"Here, Here, and Here, we climb, so go down" Eh? Pitch? V/S? A/S? There was no agreement from the outset, and this is entirely due poor CVR? How so? The PITCH numbers are from the DFDR, No? Where do DFDR data display to the pilots? One cannot fly the Bus by feel, the stick does not communicate "feel". Every response PF made to ROLL shows a chronic bias right by the a/c. What was wrong? If he was synching inputs via screen, were the displays correct?

Who would know, his PITCH prompts went unseen, else the PNF would have not felt the need to cue him to descend.

Three clear graphics show the a/c, its responses, and Pilot talk. Very helpful. The third and last one stops just as Captain enters. No more graphics, sorry. Just getting interesting, eh BEA?
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Old 25th Mar 2012, 06:01
  #951 (permalink)  
 
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A Korean MD11 out of Shanghai was pitched down some 20 degrees after takeoff when passing 2000 feet or so, and could not recover from the resulting dive.


And, Lyman, surely the reason the airplane was flying in such an unstable manner was precisely because it was being held deeply in a stall. Seeing the other pilot holding the control column back in his guts despite the shaking and pitching would have directly prompted any pilot that the airplane was stalled and that the control column should have been pushed forward, no matter what was indicated on the gauges. Without such an obvious clue, it was left to the pilots to interpret what they were seeing, and that was very confusing, to say the least.

However, as I said previously, two sets of crews on the B757 had similar indications of stall and did not respond to it, so nothing is guaranteed. I almost stalled a B737 at 35,000 feet and was amazed at the altitude loss I had to endure before I could get out of the stick shaker regime, even with full power applied. If it had happened at night and with most of my instruments under suspicion I might not have managed to recover either.

Aviation can be very humbling.
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Old 25th Mar 2012, 14:27
  #952 (permalink)  
 
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boofhead

Thanks for your kind and honest response. Aircraft are designed for varying roles, but all must adhere to best practice. I agree that after 109 years, the yoke is "best practice". Other than to merely be "different" I cannot state honestly what possessed the designers of Bus products to hide the SS one from the other.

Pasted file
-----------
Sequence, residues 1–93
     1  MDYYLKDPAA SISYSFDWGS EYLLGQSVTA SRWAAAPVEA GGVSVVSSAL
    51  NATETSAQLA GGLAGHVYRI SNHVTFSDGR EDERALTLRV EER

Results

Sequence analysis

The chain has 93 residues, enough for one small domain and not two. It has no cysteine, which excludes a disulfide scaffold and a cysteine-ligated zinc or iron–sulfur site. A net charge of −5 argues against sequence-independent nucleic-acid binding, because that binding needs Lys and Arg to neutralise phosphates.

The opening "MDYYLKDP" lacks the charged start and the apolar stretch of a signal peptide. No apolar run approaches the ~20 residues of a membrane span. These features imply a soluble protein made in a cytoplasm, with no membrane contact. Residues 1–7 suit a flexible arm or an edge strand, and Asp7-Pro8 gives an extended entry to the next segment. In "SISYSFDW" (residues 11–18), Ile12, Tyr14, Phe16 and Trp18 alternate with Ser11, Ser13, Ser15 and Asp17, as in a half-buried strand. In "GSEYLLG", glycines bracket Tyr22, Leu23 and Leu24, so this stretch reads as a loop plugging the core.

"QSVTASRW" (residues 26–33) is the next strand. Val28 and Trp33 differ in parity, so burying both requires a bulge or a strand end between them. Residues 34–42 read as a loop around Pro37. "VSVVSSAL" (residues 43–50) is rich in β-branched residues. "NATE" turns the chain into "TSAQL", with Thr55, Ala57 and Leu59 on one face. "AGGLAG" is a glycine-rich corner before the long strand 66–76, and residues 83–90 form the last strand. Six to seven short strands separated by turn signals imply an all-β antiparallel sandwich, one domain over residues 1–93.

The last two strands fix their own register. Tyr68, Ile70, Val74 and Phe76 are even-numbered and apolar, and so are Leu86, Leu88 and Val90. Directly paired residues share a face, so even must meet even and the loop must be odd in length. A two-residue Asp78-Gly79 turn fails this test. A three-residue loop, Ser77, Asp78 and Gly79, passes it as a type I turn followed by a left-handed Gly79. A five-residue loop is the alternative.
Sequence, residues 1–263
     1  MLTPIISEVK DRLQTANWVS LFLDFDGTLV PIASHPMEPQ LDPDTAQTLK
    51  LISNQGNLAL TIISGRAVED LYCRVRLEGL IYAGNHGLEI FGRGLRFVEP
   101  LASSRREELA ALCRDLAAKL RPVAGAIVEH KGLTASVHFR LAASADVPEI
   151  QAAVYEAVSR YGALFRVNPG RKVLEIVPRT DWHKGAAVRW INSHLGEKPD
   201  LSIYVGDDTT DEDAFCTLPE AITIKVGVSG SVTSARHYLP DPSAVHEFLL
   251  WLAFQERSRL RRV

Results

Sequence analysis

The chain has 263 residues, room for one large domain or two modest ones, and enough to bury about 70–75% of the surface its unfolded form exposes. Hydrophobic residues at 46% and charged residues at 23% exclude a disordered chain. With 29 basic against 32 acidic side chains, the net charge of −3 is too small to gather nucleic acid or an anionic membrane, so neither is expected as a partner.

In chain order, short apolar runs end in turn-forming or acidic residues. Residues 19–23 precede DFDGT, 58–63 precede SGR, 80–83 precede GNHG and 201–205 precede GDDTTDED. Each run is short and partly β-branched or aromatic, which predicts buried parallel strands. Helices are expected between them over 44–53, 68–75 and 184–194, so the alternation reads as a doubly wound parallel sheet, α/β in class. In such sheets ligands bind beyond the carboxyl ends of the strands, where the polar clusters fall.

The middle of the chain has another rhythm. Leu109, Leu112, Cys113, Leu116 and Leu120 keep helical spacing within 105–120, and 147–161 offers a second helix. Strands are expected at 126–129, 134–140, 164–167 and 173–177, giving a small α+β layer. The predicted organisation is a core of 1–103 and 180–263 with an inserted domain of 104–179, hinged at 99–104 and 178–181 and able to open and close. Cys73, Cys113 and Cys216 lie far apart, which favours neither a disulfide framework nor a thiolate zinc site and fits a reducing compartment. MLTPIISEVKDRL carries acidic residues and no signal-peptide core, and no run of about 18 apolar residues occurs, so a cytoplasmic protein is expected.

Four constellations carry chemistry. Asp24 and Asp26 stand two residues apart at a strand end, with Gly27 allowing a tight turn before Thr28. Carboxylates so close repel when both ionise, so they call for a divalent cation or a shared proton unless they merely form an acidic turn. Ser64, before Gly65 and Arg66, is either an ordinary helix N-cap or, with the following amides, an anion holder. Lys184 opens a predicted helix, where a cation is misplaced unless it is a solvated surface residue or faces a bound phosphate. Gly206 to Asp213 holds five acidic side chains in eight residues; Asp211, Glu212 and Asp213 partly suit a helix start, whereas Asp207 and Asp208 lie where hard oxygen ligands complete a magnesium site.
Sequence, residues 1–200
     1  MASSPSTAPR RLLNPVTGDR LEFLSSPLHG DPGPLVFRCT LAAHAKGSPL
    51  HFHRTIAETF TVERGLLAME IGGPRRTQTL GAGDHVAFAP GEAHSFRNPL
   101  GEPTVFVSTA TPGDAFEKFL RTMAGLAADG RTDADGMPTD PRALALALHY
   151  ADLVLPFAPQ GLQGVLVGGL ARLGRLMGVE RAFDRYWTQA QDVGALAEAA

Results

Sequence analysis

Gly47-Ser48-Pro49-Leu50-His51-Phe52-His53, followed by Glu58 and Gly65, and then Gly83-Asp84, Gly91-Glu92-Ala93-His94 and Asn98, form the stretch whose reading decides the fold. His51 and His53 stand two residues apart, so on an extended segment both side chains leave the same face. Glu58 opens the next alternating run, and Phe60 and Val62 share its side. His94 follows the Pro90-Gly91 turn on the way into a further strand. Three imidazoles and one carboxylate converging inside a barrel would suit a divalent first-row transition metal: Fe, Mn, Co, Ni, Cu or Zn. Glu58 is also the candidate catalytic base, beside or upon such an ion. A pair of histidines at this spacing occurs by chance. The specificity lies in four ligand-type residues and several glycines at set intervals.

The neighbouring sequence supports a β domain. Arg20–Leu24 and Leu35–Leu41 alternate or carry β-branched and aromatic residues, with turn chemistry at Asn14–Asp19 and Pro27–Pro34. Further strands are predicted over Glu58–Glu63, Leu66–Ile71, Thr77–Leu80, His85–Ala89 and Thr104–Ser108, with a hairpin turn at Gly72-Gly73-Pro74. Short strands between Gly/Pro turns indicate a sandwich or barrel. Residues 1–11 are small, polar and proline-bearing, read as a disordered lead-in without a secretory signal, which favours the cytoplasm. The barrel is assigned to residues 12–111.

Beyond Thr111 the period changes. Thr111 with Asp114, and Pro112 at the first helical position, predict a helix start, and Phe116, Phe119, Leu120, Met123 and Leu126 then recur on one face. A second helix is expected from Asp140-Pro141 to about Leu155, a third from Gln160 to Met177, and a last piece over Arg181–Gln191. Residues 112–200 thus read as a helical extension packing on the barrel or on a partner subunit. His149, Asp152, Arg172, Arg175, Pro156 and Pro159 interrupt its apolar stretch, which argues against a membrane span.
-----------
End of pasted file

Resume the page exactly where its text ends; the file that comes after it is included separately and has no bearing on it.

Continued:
Keep the joystick, no harm, ( wouldn't it be better between the knees?) but as you say, even with a yoke on the belly button, a/c still STALL. It happens generally because the second pilot is in a tight spot, politically, or he lacks self confidence. Early on, if one of my instructors had started a climb at low altitude, and held back wheel during the WARN HORN, I would not have intervened. "He knows something I don't". We may have crashed, and this happens yet.

It isn't the only problem that did in 447, but there remain more than a few puzzled by the "logic" of hiding life itself from the second pilot. That is quite literally placing your life in another's "Hand", blindly.

Thanks
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Old 25th Mar 2012, 16:41
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Aviation can be very humbling.
Ain't that the truth!
Just for purposes of convenient reference, I am going to bring Hazelnut's Phugoid chart over to discuss how to possibly improve the results. To improve the results, we have to play with the assumptions.
Now lets look at piece of a Wikki article on BFM. The whole article can be found here: Basic fighter maneuvers - Wikipedia, the free encyclopedia
Both turn rate, (degrees per second), and turn radius, (diameter of the turn), increase with speed, until the "corner speed" is reached. At this point, the growing turn radius begins to decrease the turn rate, so the aircraft will reach its best turn performance at its particular corner speed. The corner speed of an aircraft is the minimum speed at which it can sustain the maximum g-force load, and varies with its structural design, weight, and thrust capabilities.[10] It often falls in the area of 250 to 400 knots.[9]

One of the key assumptions in the chart is constant TE=total energy. Suppose we begin accelerating the engines from idle at T=0. (You probably will want to have the engines near idle to break the stall and negate the pitch up moment they would otherwise create.) By T=6 and later, you can begin to strongly increase CAS (Brownish line) and this will increase G available (Lift/Weight-The blue line). In the chart example. AOA is limited (somehow) to 7 degrees by the pilot. Using these conditions, we hit maximum structural g of 2.5 at the bottom of the pullout (321 knots). 321 knots is therefore our cornering speed.

But if we use the engines to strongly accelerate earlier, we have now created a problem. We are now hitting 321 knots much sooner. G limiting then keeps us from continuing to increase the turn rate and if we further accelerate, our turn radius increase will actually slow the turn rate.